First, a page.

GA Injury Advocate March 2019

332 North Marietta Pkwy Marietta, GA 30060 GAInjuryAdvocates.com (770) 233-7400

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Weight Training with Conan the Barbarian

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Should You Get a Pet? The History of Snoozing

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New Rules for Electric Scooter Safety Asparagus and Avocado Soup

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Who Was Elizabeth Porter?

Marietta’s New Park Celebrates the Legacy of Elizabeth Porter

On Aug. 31, 2018, the citizens of Marietta gathered together to celebrate the opening of Elizabeth Porter Park on 370 Montgomery St. NE. Every day since its opening, kids and families have filled the park, enjoying the picnic areas, trails, water fountains, and the city’s largest playground. The sight of the community finding joy at Marietta’s newest park would have no doubt put a smile on the face of the woman the park is named for. Elizabeth Porter was a person who deeply loved her community. Long before a playground or splash pad were on the site, a citizen-led initiative built a hospital to serve the African-American community of Cobb County during the era of segregation. When the integrated Kennestone Hospital opened just a few miles away in 1950, the hospital was turned into a recreation center. Elizabeth Porter, lovingly remembered as Ms. Porter by all who knew her, was the center’s first director. At the time, the center — nicknamed the Canteen —was the only community center in Marietta open to African-Americans. A true pillar of the community, Ms. Porter created a place where young people felt safe and welcome. She worked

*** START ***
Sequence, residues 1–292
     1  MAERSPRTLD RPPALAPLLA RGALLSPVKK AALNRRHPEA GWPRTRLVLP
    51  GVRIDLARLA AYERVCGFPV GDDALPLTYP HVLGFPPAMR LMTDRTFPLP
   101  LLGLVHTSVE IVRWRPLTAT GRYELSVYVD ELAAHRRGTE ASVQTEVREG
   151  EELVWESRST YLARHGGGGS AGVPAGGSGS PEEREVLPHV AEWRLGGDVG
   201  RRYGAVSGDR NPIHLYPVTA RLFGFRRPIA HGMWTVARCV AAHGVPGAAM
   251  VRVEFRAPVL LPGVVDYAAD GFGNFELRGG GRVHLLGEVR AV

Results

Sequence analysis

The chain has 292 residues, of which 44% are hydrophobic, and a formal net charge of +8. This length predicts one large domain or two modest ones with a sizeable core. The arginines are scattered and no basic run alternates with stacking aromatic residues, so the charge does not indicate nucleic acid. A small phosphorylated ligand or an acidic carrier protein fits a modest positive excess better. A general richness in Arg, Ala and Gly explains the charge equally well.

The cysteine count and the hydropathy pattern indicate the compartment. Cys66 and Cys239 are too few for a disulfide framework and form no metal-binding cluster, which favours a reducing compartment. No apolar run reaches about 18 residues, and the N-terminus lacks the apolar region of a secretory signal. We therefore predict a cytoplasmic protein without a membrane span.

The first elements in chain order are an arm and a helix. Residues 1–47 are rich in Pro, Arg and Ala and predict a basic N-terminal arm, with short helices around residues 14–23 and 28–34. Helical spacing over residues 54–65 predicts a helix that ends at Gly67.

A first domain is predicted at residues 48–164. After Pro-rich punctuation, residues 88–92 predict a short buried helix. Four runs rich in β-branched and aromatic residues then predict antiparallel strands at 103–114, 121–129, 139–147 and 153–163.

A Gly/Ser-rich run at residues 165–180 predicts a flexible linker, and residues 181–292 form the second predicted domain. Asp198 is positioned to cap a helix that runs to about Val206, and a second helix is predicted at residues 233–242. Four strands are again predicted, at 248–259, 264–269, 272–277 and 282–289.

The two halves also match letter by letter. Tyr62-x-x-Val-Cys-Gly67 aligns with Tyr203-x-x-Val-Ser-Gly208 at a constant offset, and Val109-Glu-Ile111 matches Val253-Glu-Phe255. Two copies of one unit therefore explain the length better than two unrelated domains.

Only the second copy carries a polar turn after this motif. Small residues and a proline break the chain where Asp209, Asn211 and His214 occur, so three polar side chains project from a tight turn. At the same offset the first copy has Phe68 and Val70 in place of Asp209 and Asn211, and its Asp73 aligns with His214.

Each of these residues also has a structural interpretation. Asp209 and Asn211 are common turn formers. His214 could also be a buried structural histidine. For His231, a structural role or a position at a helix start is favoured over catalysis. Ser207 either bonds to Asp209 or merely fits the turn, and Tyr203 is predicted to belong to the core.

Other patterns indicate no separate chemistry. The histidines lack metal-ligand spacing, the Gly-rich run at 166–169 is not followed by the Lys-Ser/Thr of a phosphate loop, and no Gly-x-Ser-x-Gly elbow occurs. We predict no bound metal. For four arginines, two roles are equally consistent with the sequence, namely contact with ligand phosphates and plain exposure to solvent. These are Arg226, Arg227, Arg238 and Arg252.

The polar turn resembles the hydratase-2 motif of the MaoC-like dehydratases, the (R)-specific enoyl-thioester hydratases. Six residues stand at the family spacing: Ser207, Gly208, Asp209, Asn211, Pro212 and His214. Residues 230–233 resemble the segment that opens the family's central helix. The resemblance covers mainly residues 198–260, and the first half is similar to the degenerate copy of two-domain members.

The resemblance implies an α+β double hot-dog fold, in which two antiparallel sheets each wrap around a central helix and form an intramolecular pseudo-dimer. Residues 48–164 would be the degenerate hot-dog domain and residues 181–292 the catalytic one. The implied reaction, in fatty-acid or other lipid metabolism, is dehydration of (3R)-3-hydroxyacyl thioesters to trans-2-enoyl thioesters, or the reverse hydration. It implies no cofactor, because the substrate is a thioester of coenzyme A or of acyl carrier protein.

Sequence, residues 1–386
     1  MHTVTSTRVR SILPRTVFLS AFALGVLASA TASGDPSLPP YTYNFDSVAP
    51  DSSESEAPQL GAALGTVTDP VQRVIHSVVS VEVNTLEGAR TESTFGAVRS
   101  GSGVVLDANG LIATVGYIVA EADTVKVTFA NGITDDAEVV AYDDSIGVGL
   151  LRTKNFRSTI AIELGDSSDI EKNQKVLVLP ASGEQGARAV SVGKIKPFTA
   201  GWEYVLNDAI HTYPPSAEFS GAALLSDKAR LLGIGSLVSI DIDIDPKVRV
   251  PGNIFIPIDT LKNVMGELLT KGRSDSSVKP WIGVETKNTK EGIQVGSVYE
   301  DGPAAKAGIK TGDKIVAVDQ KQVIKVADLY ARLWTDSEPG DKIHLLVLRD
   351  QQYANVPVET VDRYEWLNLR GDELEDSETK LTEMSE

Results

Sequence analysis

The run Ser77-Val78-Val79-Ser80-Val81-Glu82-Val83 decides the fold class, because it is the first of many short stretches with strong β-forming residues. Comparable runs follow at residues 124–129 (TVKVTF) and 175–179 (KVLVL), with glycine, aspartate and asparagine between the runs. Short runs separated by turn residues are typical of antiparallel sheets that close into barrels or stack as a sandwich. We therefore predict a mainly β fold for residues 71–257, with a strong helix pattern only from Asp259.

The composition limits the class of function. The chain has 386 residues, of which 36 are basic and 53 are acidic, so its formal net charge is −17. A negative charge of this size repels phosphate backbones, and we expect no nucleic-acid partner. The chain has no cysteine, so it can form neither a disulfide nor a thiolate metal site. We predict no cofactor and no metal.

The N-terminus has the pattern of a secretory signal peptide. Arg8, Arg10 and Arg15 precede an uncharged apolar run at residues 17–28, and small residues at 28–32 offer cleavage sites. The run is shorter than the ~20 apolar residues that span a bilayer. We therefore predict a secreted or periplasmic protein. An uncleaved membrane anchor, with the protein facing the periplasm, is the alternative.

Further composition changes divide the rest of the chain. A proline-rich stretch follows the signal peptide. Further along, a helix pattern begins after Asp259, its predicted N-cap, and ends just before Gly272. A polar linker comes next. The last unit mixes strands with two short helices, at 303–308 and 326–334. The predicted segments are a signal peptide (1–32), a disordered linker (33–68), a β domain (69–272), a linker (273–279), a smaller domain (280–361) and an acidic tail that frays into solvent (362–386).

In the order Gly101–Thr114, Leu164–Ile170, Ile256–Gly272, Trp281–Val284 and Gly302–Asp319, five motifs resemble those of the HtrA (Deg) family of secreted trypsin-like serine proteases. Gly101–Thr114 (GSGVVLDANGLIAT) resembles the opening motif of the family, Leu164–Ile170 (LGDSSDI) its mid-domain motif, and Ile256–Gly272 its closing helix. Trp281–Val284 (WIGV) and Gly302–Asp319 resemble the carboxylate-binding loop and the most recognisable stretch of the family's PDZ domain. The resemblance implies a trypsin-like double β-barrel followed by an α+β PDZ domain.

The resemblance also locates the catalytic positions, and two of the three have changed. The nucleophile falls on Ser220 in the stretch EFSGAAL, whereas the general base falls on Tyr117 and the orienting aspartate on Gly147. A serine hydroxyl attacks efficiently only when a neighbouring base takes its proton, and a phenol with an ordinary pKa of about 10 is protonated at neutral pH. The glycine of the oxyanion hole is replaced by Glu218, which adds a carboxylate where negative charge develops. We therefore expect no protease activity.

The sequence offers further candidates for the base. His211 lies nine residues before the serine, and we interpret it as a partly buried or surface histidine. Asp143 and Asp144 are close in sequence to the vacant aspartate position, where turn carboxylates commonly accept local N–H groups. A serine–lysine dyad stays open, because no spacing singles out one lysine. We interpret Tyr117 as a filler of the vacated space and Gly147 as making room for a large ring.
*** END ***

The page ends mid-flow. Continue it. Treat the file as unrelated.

to provide kids with everything they needed while at the Canteen, from basketballs and sewing lessons to help with homework. No task was too small if it meant serving her community. In an interview with the Marietta Daily Journal, Ron Porter, Ms. Porter’s grandson, shared fond memories of this remarkable woman. “My grandmother didn’t know the word ‘can’t,’” he said. “That is one of the things she would never say. She always told people ‘can’t’ isn’t in her vocabulary. It shouldn’t be in yours. It should be ‘can.’ Can do.” After serving as director for 22 years, Ms. Porter retired in 1974 and the Canteen was renamed in her honor. When the city voted to create new parks in 2009, the decision was made to tear down the over 60-year-old building. But there was no question that the new park would continue to celebrate Elizabeth Porter’s legacy. The next time you’re at this beautiful park, be sure to thank Ms. Porter herself by visiting the life-sized bronze statue that was erected in her honor.

TO SERVE THE COMMUNITY

Bill Bruton, City Manager and Ramiro Rodriguez

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